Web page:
It’s your company’s DNA.
What Are the Qualities of a Strong Company Culture?
1. Employees feel included: They feel safe to share their ideas. They’re not discriminated on the basis of their religion, race, gender, or sexual orientation.
2. You’ve got jobseekers waiting in line: Top candidates want to be a part of your team, even though they could receive a higher remuneration package elsewhere.
3. Employees feel valued: They receive appropriate compensation and their contributions are appreciated.
4. Low employee turnover: Your employees have been with the company for a long time and show no signs of leaving. They refer you to high-quality candidates within their networks and most of your staff have come through referrals.
5. Employees feel empowered: They have a can-do, win-win attitude. There’s collaboration and healthy competition instead of gossip, screaming matches, and office politics.
6. Employees are proud to work for your organization: Your company has a solid reputation and employees don’t hesitate to tell people where they work.
7. Employees are purpose-driven: Employees feel connected to the company vision and mission. They give their best because they want to, not because they have to.
8. Employees feel trusted: Employees feel free to exercise sound judgment and think on their feet because their manager trusts them.
So how do you build a talent-sticky workplace?
How to Build a Company Culture That Attracts and Retains Top Talent
Manage Your Online Presence
Where are your ideal candidates likely to search for jobs? Provide relevant information in those online spaces.
Go deep; reflect the joy of working on your team through your job postings.
Communicate your mission, vision, and values on your website and social media channels.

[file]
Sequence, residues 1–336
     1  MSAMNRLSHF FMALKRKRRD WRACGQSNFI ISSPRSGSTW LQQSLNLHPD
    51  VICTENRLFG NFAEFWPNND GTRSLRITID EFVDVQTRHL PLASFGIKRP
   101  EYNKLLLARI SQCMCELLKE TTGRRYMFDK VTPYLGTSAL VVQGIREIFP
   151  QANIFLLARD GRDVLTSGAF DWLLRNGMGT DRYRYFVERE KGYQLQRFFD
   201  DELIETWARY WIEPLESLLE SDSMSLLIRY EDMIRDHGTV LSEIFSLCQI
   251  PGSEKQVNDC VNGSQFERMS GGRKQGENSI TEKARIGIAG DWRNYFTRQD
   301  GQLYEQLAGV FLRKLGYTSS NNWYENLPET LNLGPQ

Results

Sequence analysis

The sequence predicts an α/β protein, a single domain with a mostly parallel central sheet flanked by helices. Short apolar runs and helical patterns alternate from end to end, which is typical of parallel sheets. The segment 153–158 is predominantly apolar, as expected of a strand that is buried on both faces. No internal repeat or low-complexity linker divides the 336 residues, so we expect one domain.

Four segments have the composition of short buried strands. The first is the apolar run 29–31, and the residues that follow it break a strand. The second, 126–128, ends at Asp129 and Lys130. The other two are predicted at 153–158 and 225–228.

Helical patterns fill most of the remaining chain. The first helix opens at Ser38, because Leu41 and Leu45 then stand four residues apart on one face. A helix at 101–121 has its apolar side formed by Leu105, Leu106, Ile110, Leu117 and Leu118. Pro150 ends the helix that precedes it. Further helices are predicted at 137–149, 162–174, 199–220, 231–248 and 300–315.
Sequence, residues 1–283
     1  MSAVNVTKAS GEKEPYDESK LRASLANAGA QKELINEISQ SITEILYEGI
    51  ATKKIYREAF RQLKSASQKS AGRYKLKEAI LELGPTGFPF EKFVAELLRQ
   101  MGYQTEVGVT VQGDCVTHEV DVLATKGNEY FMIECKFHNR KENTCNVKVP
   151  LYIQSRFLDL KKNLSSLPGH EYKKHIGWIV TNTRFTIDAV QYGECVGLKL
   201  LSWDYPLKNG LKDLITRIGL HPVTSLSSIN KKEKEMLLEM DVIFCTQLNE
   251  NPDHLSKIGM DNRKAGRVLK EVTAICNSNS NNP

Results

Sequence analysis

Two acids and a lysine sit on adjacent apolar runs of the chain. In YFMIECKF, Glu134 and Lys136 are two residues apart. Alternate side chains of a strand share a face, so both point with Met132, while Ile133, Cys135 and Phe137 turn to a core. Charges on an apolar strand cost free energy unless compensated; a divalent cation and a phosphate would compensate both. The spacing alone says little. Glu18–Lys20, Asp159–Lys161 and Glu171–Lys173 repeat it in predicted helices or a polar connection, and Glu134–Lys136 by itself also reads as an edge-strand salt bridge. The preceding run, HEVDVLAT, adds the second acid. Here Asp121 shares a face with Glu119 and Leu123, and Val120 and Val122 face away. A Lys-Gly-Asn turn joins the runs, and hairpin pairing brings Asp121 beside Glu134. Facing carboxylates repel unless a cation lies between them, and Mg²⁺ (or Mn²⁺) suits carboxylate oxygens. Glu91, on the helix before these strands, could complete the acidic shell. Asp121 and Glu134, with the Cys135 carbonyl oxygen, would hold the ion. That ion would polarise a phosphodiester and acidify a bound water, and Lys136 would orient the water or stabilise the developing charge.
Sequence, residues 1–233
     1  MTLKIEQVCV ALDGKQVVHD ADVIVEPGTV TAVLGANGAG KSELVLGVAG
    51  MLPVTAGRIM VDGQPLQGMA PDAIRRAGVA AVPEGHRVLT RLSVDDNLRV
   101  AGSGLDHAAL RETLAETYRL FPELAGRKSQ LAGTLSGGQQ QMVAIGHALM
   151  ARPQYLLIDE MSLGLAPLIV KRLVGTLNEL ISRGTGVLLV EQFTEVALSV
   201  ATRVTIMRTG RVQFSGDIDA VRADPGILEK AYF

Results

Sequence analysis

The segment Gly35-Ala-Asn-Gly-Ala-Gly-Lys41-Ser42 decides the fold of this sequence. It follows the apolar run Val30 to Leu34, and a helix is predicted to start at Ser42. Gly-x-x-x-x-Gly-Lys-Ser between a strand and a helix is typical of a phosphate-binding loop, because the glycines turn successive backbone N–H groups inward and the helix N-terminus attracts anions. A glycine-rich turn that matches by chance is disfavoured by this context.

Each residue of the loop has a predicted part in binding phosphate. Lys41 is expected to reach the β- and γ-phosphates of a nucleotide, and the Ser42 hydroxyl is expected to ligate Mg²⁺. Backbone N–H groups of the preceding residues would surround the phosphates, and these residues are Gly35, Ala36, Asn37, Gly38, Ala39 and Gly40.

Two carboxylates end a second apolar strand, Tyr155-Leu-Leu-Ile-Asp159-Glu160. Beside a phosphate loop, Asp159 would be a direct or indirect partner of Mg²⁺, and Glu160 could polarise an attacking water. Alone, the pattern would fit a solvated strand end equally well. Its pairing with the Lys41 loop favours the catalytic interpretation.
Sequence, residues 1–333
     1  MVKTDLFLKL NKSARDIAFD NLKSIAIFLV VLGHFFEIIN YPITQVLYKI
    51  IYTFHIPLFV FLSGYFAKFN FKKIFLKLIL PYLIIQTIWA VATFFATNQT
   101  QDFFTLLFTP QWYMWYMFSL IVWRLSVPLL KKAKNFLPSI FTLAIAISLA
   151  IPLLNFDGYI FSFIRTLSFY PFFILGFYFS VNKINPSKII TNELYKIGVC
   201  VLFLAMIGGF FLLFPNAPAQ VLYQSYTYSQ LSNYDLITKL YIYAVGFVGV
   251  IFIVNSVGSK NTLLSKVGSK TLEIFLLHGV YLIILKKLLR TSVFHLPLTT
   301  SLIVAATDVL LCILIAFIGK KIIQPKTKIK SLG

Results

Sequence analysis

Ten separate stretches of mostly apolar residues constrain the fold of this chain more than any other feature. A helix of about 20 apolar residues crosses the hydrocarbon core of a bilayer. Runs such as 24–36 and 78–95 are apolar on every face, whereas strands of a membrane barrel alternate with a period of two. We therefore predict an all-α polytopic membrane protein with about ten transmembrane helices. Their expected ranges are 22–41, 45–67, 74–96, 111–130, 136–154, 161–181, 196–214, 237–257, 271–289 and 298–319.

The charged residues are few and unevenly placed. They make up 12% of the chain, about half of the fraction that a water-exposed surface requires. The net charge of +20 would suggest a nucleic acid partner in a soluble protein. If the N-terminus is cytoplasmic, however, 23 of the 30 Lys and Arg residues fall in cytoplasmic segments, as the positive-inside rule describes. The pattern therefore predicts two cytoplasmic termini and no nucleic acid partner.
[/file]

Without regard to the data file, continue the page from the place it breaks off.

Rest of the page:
Don’t forget about former employees. What are they saying about your company culture on online review sites? Learn from their feedback and adjust accordingly.
When it’s time for an employee to move on, make sure they leave feeling valued by celebrating their departure.
Start an alumni group on social media to stay connected to past employees. This would also provide a perfect channel to promote your job postings to top candidates in their networks.
Encourage your staff to share articles from your blog or pictures around the office. Your ideal candidate is more likely to believe a potential colleague than a future boss.
Make Your Interview Process Engaging
During the interview process, introduce your candidate to their potential peers, managers, and other colleagues. This will give them a great sense of the team dynamic and they’ll understand what their role entails before they accept your job offer.
Make the application process user-friendly. If your potential employees find your forms too complex, they might give up before completing the process.
Ensure Smooth Onboarding
Once an employee has started working with you, reaffirm that your company is the right fit. Help them settle in well by giving them an in-depth orientation.
Zappos uses the ‘service test’ to immerse new hires into their culture. Since excellent customer experience is a core value at Zappos, new staff spend their probation period responding to customer needs at the call center.
What’s your company’s philosophy? Incorporate it when onboarding new staff and educate them on your products, services, and what’s expected of them.
Let Employees Work Remotely
Fact: By 2018, there were 56.7 million people doing freelance work in the United States.
With today’s focus on tech, you could embrace remote work as part of your company culture.
Allowing your employees to work from anywhere spurs their creativity because they don’t feel constrained within the office all day.
They’re more engaged with work due to fewer distractions from coworkers and meetings.
Life stresses have a lower impact on employee engagement when they work remotely.
For instance, a mum who is worrying whether her kids got home after school can’t concentrate in the office at that time of day.
To attract and retain high performing employees, companies should consider allowing their teams to work remotely at least once a week.
“The competition to hire the best will increase in the years ahead. Companies that give extra flexibility to their employees will have the edge in this area.” - Bill Gates
Building your company culture is a work in progress.
Maintain open lines of communication between you and your employees and you’ll soon have a company culture that not only attracts but also retains top talent.